Newspaper article The Tuscaloosa News

New Pilot Training Center Opens at Former WWII Training Site

Newspaper article The Tuscaloosa News

New Pilot Training Center Opens at Former WWII Training Site

Article excerpt

TUSCALOOSA | The Tuscaloosa site where the military once trained fighter pilots for World War II is now training a new generation of aviators -- this time for civilian aircraft.

General Aviation Center has opened a new facility at the Tuscaloosa Regional Airport. The privately owned center is on airport property that once housed the Alabama Institute of Aeronautics Inc., which trained U.S. and British pilots for combat from the late 1930s until the mid-1940s.

The wartime institute's hangar and barracks are gone. But a new building stands on part of the site of the old training center, said Abe Alibrahim, administrator for General Aviation Center, which opened in January at 7232 Robert Cardinal Airport Road.

General Aviation Center does aircraft maintenance and operates a pilot training school. It's the airport's third fixed base operator, joining Dixie Air and Bama Air.

"I don't sell aviation fuel, but I hope to look into that later," Alibrahim said.

He also said he would like to build an aviation supplies store as an addition to his hangar so that pilots could fly into the airport and get the parts they need.

A major feature of the more than 10,000-square-foot center is its training classroom with separate individual computerized training workstations. The building's upstairs has two unfinished rooms where additional pilot training facilities and training equipment could be added, he said.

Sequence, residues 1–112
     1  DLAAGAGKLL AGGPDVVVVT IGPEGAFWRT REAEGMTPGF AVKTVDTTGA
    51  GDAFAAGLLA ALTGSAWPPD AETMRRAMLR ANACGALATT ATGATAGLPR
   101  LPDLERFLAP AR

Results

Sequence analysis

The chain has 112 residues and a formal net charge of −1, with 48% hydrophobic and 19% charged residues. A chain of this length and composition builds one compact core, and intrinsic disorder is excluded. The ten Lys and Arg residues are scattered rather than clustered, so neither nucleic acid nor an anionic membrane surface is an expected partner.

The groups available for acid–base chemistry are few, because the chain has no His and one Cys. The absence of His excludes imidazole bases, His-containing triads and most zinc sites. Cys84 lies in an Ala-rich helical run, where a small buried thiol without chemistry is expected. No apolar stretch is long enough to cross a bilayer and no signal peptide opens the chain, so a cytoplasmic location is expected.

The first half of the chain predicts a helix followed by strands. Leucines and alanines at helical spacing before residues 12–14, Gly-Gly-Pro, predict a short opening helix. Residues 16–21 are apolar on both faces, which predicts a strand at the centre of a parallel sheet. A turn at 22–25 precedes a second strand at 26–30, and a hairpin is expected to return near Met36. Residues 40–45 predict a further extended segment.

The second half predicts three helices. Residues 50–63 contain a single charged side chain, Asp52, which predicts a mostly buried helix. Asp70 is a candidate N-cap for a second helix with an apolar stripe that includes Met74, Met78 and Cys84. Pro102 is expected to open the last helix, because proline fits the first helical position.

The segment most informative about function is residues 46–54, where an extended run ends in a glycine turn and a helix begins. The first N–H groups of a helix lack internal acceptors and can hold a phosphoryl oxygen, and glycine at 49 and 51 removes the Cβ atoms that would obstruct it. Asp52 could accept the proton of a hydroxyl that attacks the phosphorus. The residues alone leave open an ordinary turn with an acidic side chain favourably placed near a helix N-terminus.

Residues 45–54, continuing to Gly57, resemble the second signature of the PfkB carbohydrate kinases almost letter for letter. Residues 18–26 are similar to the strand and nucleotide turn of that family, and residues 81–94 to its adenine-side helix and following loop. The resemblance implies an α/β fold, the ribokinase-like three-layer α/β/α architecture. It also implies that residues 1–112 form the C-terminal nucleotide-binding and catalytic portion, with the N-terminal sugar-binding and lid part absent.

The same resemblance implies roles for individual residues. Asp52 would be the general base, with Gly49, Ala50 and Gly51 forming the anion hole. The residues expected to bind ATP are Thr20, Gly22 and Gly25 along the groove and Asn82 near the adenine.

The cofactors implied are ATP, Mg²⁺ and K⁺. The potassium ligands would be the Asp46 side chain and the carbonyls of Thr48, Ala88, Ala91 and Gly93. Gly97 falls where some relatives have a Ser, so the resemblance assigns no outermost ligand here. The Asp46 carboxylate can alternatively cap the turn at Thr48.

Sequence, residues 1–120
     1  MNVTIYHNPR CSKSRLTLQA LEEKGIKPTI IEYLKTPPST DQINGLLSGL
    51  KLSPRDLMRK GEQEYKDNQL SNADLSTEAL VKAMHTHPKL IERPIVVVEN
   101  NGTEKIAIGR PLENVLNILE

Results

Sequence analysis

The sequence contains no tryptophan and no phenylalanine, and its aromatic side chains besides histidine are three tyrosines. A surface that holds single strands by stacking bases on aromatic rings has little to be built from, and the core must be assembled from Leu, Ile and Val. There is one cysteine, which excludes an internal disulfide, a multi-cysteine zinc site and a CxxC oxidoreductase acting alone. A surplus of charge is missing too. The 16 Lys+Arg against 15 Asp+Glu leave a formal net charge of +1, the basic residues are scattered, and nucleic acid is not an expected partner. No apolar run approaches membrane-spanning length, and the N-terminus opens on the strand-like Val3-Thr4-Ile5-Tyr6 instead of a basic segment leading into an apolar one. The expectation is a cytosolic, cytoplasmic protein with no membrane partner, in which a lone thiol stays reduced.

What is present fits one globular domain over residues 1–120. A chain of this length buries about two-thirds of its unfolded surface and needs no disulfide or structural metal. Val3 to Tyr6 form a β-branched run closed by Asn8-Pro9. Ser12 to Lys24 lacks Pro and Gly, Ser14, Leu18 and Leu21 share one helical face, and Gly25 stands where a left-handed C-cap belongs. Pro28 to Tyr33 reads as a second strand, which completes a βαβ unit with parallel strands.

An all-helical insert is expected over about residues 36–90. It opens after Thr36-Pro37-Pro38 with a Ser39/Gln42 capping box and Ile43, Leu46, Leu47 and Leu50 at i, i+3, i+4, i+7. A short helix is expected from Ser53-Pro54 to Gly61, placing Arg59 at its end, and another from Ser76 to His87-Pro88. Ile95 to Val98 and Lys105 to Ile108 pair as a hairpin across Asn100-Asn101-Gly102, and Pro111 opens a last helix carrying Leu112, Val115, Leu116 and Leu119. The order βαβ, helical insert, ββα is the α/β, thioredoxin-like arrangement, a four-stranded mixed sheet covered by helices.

Alibrahim would not say how much the facility cost other than that it was a large investment for him.

For the past 20 years, Alibrahim operated a similar center at the Bessemer Airport.

"I have been in the aviation business for 30 years, and this is the fourth operation I have started," he said.

Many of his customers at Bessemer were from Tuscaloosa and West Alabama. That helped put Tuscaloosa on his radar screen.

He said he first looked at locating a fixed-base center in Tuscaloosa in 1994, shortly after Mercedes announced plans to build an auto factory in nearby Vance. It did not make sense at that time, he said.

But since then, Tuscaloosa has grown. Mercedes and its automotive suppliers have expanded the city's manufacturing base and enrollment growth at the University of Alabama has made the city an attractive place for a pilot training school, Alibrahim said.

About 16 months ago, he decided to move his operations from Bessemer to Tuscaloosa. Construction of the center's building was completed in October and the interior was finished during the next two months. Alibrahim said he hopes to have a grand opening during the Tuscaloosa Airshow on March 31 and April 1.

"Tuscaloosa in the next five to 10 years -- this airport is going to be a tremendous asset for the city," he said in explaining why he moved his business here.

Growth also is occurring nationally in general aviation -- the non-commercial airline segment of the industry -- and there are projections that the nation could face a shortage of professional pilots over the next 10 to 15 years as many retire, Alibrahim said. …

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